Tuesday, November 15, 2005

Vas You Der, Charlie? Yes, I was.

Being the youngest child of the youngest child, my family's conversations and jokes often referred to events that happened before my time. There were many references to radio shows of the 1930's. Some of them I was able to listen to, like Fibber McGee and Molly, who had a famous closet full of stuff. Every time Molly went to open the closet, Fibber would say "Oh, no, don't open that door." Maybe it was Molly who said it to Fibber. Doesn't matter. Whoever said it, said it too late and you would hear five minutes of "things falling out of a closet" sound effects. And it got even funnier when you knew it was coming.

But the one I never heard was Jack Pearl as Baron Munchausen. I didn't even know it was Jack Pearl's character until I read it in Where Did I Go Right? by his nephew Bernie Brillstein, who became a Hollywood talent manager and producer. Anyhow, apparently the Baron was based on a real German Baron who had a reputation for exaggerating, so I imagine the radio character also exaggerated, and when anyone doubted his reports, he would say his tag line: Vas You Der, Charlie? That phrase has haunted me and made me skeptical of every report of events I didn't personally witness.

Well, as I posted the other day, I really was there at the ceremony/rally at Rabin Square on Saturday night. My photos came out too dark to publish, and I didn't mention the various flags and banners I saw. I found reports of Bill Clinton's appearance in both The Jerusalem Post and Haaretz. Each paper quoted Bill's remarks a little differently from what I heard. The differences were not substantial, and perhaps my hearing was not perfect either.

Haaretz:
...he would say 'there is enough of all this missing. If you really think I lived a good life, if you think I made a noble sacrifice in death, then for goodness sake take up my work and see it through to the end,'" Clinton said.
Jerusalem Post:
...he would say 'enough with all of this. Live the good life, and for goodness' sake, continue my work.'
The Haaretz quote is closer to what I heard, except I didn't hear "there is" at the beginning of the Rabin hypothetical quote.

Baron, I vas der, and still I wonder what actually was said. The Rashomon effect.

But wait, there's more.

At the rally, I saw a number of orange flags waving about. I took these to be the orange of the anti-disengagement protest, and I assumed the flag-wavers were there to show respect for Rabin's memory and to show the largely left-wing audience that right-wingers could be civilized too, not necessarily violent fanatics like the convicted assassin.

My companion (an avid leftie) didn't see orange flags at all; she said the flags were red, and belonged to some other group. She didn't think any anti-disengagement people would have come to that rally.*

The Jerusalem Report didn't refer to flags, although they may have mentioned banners. Here's what Haaretz said:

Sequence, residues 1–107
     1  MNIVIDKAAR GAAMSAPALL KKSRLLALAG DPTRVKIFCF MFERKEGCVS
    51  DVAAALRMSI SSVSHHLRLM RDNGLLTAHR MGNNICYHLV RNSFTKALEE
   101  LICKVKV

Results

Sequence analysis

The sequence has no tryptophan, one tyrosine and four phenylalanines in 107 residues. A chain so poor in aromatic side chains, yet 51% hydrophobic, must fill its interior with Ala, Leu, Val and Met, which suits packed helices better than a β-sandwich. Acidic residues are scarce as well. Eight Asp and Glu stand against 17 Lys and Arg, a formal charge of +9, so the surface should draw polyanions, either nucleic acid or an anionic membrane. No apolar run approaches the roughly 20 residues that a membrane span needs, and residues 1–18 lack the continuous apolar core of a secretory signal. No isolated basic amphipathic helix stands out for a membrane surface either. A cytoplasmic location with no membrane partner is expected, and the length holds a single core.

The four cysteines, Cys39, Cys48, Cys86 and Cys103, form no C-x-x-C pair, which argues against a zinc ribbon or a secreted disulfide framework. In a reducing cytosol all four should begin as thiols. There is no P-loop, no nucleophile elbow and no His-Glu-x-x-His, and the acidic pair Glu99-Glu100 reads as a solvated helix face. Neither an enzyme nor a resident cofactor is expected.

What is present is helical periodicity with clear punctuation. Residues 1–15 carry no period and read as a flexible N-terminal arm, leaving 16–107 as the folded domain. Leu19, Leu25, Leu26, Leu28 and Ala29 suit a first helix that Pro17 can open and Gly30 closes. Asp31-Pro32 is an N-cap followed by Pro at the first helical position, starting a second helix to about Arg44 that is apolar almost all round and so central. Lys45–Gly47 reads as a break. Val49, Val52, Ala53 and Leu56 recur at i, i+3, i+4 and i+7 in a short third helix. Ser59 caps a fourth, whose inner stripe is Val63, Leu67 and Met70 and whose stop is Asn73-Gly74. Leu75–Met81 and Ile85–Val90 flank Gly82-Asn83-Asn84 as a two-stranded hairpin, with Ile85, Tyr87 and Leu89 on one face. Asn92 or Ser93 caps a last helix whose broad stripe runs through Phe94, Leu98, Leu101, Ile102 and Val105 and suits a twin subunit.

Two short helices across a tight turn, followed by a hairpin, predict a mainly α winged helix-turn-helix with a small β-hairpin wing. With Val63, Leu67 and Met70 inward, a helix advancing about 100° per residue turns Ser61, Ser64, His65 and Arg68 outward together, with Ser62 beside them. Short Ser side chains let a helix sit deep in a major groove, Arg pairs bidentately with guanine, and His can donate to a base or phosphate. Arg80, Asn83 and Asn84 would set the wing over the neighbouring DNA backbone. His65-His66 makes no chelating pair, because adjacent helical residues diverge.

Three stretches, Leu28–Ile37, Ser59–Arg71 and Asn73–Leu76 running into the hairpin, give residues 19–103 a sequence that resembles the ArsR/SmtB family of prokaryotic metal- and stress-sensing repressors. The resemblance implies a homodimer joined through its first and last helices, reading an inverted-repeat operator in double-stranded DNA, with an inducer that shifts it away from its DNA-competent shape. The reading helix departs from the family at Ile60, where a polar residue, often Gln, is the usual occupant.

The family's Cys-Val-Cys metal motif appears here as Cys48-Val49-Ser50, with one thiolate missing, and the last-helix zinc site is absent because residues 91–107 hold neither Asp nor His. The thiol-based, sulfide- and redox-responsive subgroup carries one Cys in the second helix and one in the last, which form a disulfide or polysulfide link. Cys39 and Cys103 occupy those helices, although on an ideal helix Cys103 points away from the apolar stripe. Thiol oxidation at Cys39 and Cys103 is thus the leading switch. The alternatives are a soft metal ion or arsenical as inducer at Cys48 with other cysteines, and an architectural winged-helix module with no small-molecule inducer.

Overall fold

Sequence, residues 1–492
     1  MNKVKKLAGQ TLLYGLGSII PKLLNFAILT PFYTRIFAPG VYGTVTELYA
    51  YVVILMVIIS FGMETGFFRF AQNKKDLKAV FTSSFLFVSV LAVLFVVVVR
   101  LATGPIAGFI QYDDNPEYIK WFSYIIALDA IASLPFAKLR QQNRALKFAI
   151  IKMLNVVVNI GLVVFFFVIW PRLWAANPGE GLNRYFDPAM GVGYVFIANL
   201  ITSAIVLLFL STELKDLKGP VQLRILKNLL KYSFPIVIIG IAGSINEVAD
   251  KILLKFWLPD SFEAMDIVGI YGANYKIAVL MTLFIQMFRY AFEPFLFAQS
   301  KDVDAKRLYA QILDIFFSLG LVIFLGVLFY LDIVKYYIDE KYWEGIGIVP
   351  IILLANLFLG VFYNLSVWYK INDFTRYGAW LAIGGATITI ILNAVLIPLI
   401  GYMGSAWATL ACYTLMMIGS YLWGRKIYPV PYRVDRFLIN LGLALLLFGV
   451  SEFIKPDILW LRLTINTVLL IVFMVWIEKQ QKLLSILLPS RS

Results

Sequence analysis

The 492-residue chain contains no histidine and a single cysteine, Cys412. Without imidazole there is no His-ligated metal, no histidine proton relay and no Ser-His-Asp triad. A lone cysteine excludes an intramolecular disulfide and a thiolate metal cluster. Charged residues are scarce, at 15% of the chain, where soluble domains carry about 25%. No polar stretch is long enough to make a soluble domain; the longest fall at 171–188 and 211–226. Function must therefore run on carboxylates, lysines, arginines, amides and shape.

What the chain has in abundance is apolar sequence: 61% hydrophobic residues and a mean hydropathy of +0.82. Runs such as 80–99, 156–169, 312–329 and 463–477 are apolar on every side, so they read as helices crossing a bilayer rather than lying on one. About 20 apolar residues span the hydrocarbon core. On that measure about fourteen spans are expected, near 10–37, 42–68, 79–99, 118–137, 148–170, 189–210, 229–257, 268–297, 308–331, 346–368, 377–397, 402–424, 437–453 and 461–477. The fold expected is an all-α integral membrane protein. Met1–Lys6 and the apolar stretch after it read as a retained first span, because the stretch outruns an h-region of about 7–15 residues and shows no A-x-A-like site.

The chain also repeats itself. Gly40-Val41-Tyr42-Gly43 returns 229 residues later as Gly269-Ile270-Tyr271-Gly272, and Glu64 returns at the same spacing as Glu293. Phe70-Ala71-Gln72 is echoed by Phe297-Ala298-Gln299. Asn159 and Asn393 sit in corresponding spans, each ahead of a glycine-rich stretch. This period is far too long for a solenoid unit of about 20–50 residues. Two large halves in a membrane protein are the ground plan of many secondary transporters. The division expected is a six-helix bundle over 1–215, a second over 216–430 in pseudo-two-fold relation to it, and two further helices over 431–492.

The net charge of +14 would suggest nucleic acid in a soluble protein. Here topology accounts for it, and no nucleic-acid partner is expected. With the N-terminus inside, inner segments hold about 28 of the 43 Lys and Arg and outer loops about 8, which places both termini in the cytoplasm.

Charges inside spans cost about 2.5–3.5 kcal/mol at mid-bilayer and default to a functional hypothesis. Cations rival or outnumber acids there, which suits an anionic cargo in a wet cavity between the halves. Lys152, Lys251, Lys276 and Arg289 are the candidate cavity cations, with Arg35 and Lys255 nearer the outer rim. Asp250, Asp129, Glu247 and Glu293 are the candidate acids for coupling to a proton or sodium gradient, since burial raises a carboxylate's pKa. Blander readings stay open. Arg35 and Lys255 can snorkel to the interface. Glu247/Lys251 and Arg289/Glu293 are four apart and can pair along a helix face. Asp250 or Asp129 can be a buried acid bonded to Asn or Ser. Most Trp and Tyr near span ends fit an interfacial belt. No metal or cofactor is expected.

The crowds waved Israeli flags, held candles and sang songs of peace.
*Update: Shaister was there too. The photo at the top of his post shows the flags, near the "Shalom" banner on the left. Are they orange or red?

Then I read Don Radlauer's post, commenting on Adloyada's post regarding history and narratives. And I was reminded that even eyewitnesses as well as historians, construct reports that fit their personal narratives. They have to omit something, no matter how accurate they try to be. There is a spectrum from objective to subjective, more complicated than "true" and "false," and in a different dimension from "right" and "wrong" (or even "right" and "left.")

5 comments:

Tan Lucy Pez said...

I remember "Fibber McGee and Molly." Loved it.

Eye Witnesses are the most powerful evidence in trails, but police have long known that eye-witness evidence is very unreliable.

People look at the same scene and see different things. As long as people report the news HONESTLY and aren't trying to alter it, I can live with that. Too often, they are deliberately changing the facts.

Savtadotty said...

TLP - It isn't always the reporters who slant the news: newspaper editors and headline writers can be real villains sometimes. It's hard not to ascribe too much power to the mainstream media.

Tan Lucy Pez said...

Yes, especially here in the U.S. with Bush and his family in charge.

Fred said...

We have something in common. I'm the youngest of the youngest, too. I never really thought about it.

Radio for me was a music thing. I grew up with the legendary WABC-AM radio in NY that defined the top-40 genre. It died in the early 80s when FM had a better sound and most AMs were converting to talk.

I'm also a radio geek. I was even a disk jockey for years. Surprise!

Savtadotty said...

Fred, you grew up in New York? I thought you were a Floridian.